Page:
The How and Why of Dual Language Programs
Reviewed by Jacqueline Barreras
Reading Dual Language Essentials for Teacher and Administrators this summer made me realize that dual language programs provide an educational experience that supports the required 21st century skills. Our rapidly changing world needs schools to recognize the importance of bilingualism by implementing dual language programs that develop bilingual and biliteral students.
Throughout the book, Yvonne S. Freeman, David E. Freeman, and Sandra Mercuri develop the idea of dual language programs being a way of promoting academic development, mastery of two languages, and cross cultural understanding, “The bilingualism students develop in dual language programs results in academic, cognitive, linguistic, and economic benefits as well as increased cross cultural competency” (7).
The book is organized in a sequential format that allows teachers and administrators to understand the rationale behind dual language programs, their effectiveness, and the essentials to implement dual language models as a school-wide initiative and within the classroom.
At the start of the book the authors explain the what and the why for implementing the dual language approach. This information is useful for any administrator and teacher wanting to revise their current school’s vision to promote biliteracy. A breakdown for initiating dual language programs drives the point home that creating a culture of bilingualism is doable through the proper procedures of setting goals, planning, reflection, and collaboration.
Essentials for promoting bilingualism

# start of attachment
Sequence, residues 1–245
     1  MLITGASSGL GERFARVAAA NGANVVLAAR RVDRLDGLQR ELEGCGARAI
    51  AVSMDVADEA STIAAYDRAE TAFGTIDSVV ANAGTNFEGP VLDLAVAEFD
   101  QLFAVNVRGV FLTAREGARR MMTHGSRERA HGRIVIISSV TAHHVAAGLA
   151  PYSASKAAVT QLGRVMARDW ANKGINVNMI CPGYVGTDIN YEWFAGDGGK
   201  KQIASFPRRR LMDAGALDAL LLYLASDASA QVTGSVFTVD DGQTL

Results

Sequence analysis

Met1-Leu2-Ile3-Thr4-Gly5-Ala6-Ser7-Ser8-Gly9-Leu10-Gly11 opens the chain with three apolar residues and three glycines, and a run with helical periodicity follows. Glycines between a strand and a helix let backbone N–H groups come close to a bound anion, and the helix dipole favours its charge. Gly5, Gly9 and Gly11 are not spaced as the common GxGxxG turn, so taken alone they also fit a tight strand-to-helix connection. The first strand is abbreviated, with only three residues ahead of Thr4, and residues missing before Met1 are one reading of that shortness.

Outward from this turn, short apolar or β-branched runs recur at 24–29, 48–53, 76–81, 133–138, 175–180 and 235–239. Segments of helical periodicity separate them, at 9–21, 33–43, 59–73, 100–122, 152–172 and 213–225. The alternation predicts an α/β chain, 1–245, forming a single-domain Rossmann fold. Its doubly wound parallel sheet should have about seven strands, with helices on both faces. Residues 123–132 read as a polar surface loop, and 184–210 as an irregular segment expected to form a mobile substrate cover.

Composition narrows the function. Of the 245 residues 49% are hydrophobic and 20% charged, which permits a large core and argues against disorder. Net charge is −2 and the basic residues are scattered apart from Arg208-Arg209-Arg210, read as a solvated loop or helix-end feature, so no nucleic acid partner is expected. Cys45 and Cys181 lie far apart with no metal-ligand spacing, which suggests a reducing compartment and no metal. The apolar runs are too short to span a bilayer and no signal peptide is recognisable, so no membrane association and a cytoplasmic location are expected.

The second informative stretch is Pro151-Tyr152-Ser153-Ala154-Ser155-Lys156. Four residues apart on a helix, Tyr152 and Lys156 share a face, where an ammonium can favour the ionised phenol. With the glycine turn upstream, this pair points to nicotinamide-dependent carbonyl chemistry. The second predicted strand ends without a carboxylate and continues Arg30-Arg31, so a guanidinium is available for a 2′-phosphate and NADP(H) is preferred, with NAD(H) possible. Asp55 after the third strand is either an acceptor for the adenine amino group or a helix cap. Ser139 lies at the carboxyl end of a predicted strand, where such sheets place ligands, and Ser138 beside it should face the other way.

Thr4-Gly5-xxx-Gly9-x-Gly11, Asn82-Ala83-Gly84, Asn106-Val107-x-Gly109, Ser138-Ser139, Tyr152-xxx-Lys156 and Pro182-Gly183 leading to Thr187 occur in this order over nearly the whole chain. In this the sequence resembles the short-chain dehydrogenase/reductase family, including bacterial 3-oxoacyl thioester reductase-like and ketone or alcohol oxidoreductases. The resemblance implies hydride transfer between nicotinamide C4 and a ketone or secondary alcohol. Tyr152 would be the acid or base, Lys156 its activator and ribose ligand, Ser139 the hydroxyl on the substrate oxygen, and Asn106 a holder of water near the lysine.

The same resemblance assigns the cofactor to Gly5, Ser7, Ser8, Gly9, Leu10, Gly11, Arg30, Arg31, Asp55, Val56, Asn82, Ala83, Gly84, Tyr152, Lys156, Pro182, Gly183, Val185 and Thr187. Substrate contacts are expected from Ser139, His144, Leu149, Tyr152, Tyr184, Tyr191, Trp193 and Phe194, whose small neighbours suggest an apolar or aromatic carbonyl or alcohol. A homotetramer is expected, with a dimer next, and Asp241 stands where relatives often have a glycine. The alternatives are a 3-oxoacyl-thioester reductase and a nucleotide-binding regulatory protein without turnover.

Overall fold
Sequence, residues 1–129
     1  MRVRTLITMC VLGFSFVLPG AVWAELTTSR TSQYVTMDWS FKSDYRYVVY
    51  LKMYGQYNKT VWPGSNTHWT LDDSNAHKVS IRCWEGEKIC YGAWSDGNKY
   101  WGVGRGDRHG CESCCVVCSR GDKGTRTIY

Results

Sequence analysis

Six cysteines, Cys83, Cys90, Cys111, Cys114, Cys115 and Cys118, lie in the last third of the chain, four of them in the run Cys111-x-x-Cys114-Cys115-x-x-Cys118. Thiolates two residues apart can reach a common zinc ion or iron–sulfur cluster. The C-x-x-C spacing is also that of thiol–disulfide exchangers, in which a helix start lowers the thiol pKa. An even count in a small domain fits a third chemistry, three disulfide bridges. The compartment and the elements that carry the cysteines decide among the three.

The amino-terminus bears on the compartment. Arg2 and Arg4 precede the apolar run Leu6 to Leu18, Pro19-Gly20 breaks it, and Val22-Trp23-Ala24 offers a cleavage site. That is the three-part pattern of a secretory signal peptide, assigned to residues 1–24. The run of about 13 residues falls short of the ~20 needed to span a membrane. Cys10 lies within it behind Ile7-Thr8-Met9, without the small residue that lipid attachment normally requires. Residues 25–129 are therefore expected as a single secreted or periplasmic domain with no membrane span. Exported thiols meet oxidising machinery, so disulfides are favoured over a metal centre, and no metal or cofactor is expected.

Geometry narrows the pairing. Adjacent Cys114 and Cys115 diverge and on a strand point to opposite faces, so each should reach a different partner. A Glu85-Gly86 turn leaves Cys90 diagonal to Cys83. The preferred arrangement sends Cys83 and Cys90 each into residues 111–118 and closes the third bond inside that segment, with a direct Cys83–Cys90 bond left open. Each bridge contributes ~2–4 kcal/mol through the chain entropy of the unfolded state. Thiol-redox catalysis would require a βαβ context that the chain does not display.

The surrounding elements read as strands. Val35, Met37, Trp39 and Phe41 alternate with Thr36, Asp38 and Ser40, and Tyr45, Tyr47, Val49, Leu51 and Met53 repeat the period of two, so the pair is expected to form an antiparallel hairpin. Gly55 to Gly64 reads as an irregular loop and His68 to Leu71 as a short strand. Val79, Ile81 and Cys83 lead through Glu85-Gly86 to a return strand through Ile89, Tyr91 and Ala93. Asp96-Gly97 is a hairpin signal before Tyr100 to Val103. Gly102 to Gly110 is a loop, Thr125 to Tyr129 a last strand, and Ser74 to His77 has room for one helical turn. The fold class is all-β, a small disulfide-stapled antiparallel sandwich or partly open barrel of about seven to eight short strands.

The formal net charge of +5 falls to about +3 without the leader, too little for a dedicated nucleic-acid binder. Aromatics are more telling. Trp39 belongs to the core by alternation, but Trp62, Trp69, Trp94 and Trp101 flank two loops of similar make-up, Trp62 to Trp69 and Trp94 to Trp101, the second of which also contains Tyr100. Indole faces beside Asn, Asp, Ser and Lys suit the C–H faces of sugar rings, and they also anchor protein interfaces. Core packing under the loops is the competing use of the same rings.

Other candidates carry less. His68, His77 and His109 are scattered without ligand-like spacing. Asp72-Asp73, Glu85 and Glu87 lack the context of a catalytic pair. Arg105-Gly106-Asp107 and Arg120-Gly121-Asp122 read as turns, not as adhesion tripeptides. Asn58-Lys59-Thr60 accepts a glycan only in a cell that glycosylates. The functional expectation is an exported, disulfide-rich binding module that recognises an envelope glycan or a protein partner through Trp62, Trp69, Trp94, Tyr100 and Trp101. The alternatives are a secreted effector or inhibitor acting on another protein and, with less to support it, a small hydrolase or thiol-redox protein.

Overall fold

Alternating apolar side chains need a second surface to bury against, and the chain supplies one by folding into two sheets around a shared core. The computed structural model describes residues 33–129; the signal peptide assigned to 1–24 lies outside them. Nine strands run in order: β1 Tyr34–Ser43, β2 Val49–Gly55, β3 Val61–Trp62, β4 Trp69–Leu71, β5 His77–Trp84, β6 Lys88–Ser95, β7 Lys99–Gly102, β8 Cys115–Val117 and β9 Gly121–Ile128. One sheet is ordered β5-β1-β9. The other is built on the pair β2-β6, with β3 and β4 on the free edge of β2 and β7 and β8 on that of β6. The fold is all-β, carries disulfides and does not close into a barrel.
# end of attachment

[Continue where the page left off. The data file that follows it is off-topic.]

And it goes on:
What I love most about this book is how the authors set it up as a guide for launching and supporting dual language programs. In addition to the structure, a variety of ideas and examples from various grade levels were offered for each procedure.
When implementing dual language structure in the past, my Spanish speaking students were engaged on both English and Spanish days, but my native English speakers struggled to understand or be engaged during our Spanish days. Through chapters six and seven, Freeman, Freeman, and Mercuri provide what they call “implementation essentials” with examples and ideas in one-way and two-way language programs.
The examples offer research based implementation ideas that can support native English speakers and speakers of other languages through challenging moments. “Because students in dual language classrooms still need to meet standards as they acquire another language, it is important to engage them in meaningful activities as they learn academic content in two languages” (127).
Essentials worth trying and sharing
By the end of Dual Language Essentials for Teacher and Administrators, I found myself revising my literacy units of study to make sure I apply the process shared by the authors. Simply reading it and jotting down my thoughts was not enough. It’s become my toolbox for alternatives when collaborating with my dual language teachers and when there’s a challenge during the implementation process of the dual language program.
Throughout the book, Freeman, Freeman, and Mercuri demonstrate their understanding of the challenges teachers and administrators face when implementing dual language programs with today’s high stakes standardized assessments and era of standards.
Additionally, the authors were able to provide extensive resources to help teachers and administrators immediately return to their school and classroom to implement or revisit their dual language initiatives. “…(A)dministrators and teachers should work together to promote and display their passion for the dual language program to parents, communities, and school board” (107).
Jacqueline Barreras teaches 5th grade for the School District of Palm Beach County in Florida. She has a Master’s of Science in Elementary Education and has been recognized by the state of Florida as a High Impact Teacher. She loves learning alongside her students in order to help them continue to grow. She also loves camping with her family and reading.